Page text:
They may not like that idea so much, but if you get the chance and you have someone that will do that for you, it’s a great opportunity to release a lot of repressed emotion.
We’re now going on to the last component of what makes up a satisfying, loving relationship coming up next.
- A relationship can never be its potential if you have not built a foundation of trust
This last component is the very first step in creating a relationship that will satisfy you, that you’ll love, and that will last. Everything you do with someone else boils down to trust.
When you have a solid foundation of trust, you can survive almost anything because you know that person is someone of integrity and honor.
The most satisfying relationships will be built on trust.
Trust is intertwined with every component we’ve talked about so far. You have to have someone that you can trust to honor your boundaries, treat you fairly, understand your challenges, and try new things with. Trust is a part of all of the other components in some way.
The foundation you build with someone is how the relationship stands on its own. When the trust is there, suspicions don’t exist, worrying about what someone else might think doesn’t exist, judgments don’t exist. Really, if you had 100% trust between you, you wouldn’t have to work on too many other things.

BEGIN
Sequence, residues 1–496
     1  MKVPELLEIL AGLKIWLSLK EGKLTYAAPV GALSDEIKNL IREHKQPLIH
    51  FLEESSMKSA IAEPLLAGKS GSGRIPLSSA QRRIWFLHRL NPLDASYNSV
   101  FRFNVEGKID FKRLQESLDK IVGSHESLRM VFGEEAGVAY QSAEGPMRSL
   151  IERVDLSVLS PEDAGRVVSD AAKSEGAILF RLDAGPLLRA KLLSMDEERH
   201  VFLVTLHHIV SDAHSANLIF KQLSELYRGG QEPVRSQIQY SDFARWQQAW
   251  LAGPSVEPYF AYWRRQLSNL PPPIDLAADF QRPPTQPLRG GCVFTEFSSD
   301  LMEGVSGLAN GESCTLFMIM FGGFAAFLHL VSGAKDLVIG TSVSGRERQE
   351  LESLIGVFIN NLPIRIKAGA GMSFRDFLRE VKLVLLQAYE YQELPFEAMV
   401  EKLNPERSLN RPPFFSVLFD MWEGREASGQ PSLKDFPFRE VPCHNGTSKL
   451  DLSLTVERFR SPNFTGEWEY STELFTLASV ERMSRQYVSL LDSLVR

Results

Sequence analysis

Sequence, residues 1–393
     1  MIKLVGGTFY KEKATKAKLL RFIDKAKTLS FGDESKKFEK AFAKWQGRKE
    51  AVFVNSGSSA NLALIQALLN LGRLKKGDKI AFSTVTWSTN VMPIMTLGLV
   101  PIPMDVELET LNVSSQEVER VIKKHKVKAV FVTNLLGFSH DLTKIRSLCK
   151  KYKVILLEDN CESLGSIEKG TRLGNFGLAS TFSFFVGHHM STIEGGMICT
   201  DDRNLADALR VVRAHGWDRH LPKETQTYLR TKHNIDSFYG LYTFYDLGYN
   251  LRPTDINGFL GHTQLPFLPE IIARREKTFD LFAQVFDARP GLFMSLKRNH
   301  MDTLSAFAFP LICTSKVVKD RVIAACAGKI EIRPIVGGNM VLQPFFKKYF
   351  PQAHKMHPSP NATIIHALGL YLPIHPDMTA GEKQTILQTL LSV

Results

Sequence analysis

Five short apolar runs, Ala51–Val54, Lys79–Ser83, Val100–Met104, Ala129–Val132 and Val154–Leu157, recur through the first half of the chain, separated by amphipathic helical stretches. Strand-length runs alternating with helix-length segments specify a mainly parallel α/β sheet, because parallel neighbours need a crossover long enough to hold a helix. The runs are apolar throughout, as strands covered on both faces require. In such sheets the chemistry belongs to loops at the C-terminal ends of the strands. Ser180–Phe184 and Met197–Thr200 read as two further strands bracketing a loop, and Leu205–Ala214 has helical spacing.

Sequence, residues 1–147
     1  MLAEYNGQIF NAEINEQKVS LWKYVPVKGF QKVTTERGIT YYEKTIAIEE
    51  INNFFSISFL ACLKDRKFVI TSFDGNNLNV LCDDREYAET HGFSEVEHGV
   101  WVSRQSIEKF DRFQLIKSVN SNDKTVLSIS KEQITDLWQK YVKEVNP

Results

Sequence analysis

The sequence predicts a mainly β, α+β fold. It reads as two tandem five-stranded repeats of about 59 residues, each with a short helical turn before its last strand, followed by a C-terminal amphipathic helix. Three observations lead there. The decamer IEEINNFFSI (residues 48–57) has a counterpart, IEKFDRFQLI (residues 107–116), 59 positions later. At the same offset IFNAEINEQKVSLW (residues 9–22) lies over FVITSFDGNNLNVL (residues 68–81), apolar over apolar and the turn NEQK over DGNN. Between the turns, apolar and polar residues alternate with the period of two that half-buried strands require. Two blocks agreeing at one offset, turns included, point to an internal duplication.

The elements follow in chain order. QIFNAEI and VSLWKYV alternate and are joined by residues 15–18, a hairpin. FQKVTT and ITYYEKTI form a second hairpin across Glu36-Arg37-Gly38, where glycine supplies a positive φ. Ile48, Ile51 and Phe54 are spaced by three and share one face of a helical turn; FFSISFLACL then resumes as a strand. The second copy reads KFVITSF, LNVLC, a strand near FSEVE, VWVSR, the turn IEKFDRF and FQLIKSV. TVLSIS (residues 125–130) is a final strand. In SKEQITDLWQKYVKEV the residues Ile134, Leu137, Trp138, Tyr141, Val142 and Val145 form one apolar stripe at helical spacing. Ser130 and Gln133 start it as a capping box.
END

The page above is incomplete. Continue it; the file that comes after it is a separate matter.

Trust is letting the people in your life into your space without fear. Trust is being allowed to say anything you want, and be yourself. Trust is not giving in to temptations.
Trust really is hard to build sometimes, because many of us have been burned. And if you get burned enough times, you stop trusting completely. You back off and watch for warning signs, sometimes throughout the entire relationship.
Trust is earned through repeated behavior over and over again. It’s a level of predictability that provides security.
You might have to do something a hundred times before you are completely trusted. If that’s what it takes, that’s what it takes.
But most people don’t have 100% trust, and this is completely normal, and smart. You should have enough trust that has built up to a level you’re comfortable with, but keep your eyes open.
Not just because other people might do bad things, but so that you don’t get so trusting you are gullible. Remember, your instincts play a role too, so keep that in mind when you are being trusting.